May 17, 2008 / 1:26 AM / 11 years ago

Survivors found five days after China quake

* President Hu urges rescuers to race to save lives

* German tourist pulled to safety after 114 hours

* Premier Wen says quake most destructive in modern China

(Adds German rescued after 114 hours, paragraph 2)

By Chris Buckley

DUJIANGYAN, China, May 17 (Reuters) - Chinese President Hu Jintao urged rescuers in the southwestern province of Sichuan to race to save lives, days after the most destructive earthquake to hit modern China, state media said on Saturday.

Many survivors were found on Saturday, five days after the disaster, including a German tourist who was pulled from rubble in Wenchuan after being buried for 114 hours, Xinhua news agncy said.

China has put the known death toll at over 22,000 but has said it expects it to exceed 50,000. About 4.8 million people have lost their homes and the days are numbered in which survivors can be found.

"Although the time for the best chance of rescue, the first 72 hours after an earthquake, has passed, saving lives remains the top priority of our work," Hu told distraught survivors just over a week after a jubilant China celebrated the Olympic torch reaching the summit of Mount Everest.

In earthquakes elsewhere in the world, survivors have been found a week or more after the disaster. In Baguio in the Philippines in 1990, a cook was found alive after two weeks in the rubble of a shattered hotel.

He had drunk his own urine and drops of rainwater to stay alive. A man and a woman trapped for 11 days in an elevator shaft in the hotel were also rescued.

"Quake relief work has entered the most crucial phase," Hu said. "We must make every effort, race against time and overcome all difficulties."

Among other survivors on Saturday, Xinhua said 33 people were dug out of the rubble in Beichuan, one of the worst-hit areas. More than 5,000 people had died in Beichuan and 4,800 were buried, Sichuan radio said.

An old woman who had trekked into isolated Yingxiu from her village said there was a group of Koreans trapped near her, asking for help from rescuers. She did not know what the Koreans were doing there.

Premier Wen Jiabao said the 7.9 magnitude quake was "the biggest and most destructive" since before the Communist revolution of 1949 and the quick response had helped reduce casualties.

Wen was comparing the disaster with the 1976 tremor in the northeastern city of Tangshan, which killed up to 300,000 people.

"THE WHOLE MOUNTAIN CHANGED SHAPE"

But as the weather gets warmer, survivors were increasingly worried about hygiene and asking questions about their longer-term future.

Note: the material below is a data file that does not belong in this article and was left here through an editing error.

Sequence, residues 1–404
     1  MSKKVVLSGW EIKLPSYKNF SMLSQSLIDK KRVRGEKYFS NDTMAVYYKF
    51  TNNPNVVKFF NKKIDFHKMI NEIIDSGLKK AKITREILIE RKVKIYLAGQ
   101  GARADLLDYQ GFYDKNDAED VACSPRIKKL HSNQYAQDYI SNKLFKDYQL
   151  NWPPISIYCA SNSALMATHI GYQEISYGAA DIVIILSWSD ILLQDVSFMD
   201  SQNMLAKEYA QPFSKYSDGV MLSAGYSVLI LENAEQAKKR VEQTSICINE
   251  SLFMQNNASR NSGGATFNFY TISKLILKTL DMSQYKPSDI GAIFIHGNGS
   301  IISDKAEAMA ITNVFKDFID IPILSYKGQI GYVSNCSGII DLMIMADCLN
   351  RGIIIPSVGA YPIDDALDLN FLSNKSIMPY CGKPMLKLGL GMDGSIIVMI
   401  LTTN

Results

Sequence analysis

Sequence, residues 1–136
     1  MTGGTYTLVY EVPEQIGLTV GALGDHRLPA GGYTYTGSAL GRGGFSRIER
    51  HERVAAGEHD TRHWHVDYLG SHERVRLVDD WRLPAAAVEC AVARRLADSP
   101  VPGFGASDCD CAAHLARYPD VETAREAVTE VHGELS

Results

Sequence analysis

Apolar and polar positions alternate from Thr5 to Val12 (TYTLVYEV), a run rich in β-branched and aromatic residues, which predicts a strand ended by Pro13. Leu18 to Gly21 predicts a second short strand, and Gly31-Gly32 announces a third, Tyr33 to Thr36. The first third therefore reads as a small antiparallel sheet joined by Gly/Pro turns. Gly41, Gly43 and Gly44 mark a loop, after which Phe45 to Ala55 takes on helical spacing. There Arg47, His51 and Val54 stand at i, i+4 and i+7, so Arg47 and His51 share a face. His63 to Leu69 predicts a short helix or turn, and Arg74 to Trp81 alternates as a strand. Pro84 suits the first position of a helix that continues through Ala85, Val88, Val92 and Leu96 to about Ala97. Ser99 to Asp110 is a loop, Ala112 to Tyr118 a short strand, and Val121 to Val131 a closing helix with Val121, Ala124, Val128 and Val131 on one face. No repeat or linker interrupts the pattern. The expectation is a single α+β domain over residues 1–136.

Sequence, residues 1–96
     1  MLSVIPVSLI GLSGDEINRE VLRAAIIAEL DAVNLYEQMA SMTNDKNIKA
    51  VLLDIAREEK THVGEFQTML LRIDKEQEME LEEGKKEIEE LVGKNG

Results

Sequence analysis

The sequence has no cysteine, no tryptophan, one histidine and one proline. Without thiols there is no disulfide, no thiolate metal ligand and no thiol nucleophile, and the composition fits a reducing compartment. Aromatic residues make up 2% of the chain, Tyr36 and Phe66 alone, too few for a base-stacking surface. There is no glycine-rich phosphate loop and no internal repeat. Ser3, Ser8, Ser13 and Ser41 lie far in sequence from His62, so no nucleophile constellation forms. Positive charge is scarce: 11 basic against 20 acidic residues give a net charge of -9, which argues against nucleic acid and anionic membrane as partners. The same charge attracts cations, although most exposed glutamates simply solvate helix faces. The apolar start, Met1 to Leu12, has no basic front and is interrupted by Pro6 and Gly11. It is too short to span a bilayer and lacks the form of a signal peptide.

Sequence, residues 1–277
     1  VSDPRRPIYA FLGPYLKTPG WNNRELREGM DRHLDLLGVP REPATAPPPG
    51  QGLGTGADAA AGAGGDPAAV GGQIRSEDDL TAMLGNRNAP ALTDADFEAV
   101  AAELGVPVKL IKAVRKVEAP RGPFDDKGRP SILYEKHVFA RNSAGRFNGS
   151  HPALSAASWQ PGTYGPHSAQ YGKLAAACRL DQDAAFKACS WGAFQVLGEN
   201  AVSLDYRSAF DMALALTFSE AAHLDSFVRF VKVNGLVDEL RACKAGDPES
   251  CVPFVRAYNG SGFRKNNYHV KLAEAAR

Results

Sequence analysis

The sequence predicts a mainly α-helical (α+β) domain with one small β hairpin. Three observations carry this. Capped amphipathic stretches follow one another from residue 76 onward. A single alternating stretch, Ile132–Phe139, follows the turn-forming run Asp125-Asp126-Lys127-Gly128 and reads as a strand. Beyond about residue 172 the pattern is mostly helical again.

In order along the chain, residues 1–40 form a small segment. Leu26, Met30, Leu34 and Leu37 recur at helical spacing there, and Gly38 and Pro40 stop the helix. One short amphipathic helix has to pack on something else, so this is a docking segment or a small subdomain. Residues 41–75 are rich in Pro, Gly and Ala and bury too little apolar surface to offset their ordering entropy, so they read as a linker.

"What we don’t need now is more instant noodles," said truck driver Wang Jianhong in the city of Dujiangyan. "We want to know now what will happen with our lives. We’re not impatient but we need to know something."

In Beichuan, thousands of homeless flooded out of mountains into the city of Mianyang, many put into military trucks and taken to a refugee centre.

"It was really bad up there," farmer Dian Minggui said. "The whole mountain changed shape and all the homes are toppled."

Li Xinshen, 70, fled with relatives, walked for 10 hours from the village of Xuanping to Mianyang.

"Only today on the road out did we see soldiers walking up," she said. "Not one rescue worker came up to handle us."

Anger has been mounting at the large number of schools which collapsed and there is concern about the safety of a number of dams and reservoirs which have been weakened by the quake.

Many Chinese couples are limited to one child per family, meaning the quake has taken only children and with them their parents’ hopes and future security.

Zhang Xue’s parents and aunt have been looking for the 15-year-old girl ever since the quake brought down the Ju Yuan High School in Dujiangyan.

In a hospital, distraught, they looked at the body of a girl, lowered their eyes and shook their heads.

"The girl has the same name and age, but she’s not our child," her mother said.

In Sichuan and neighbouring Chongqing, at least 17 reservoirs have been damaged, with some dams cracked or leaking water. Several are on the Min River, which tumbles through the worst-hit areas between the Tibetan plateau and the Sichuan plain.

The country is also on precautionary alert against possible radiation leaks, according to a government website.

China’s chief nuclear weapons research lab is in Mianyang, along with several secret atomic sites, but there are no nuclear power stations.

China has sent 130,000 troops to the disaster area, but roads buckled by the quake and blocked by landslides have made it hard for supplies and rescuers to reach the worst-hit areas.

Offers of help have flooded in and foreign rescue teams from Japan, Russia, Taiwan, South Korea and Singapore have arrived. (Additional reporting by John Ruwitch in Mianyang and Tan Ee-lyn in Dujiangyan; Writing by Nick Macfie; Editing by Sanjeev Miglani)






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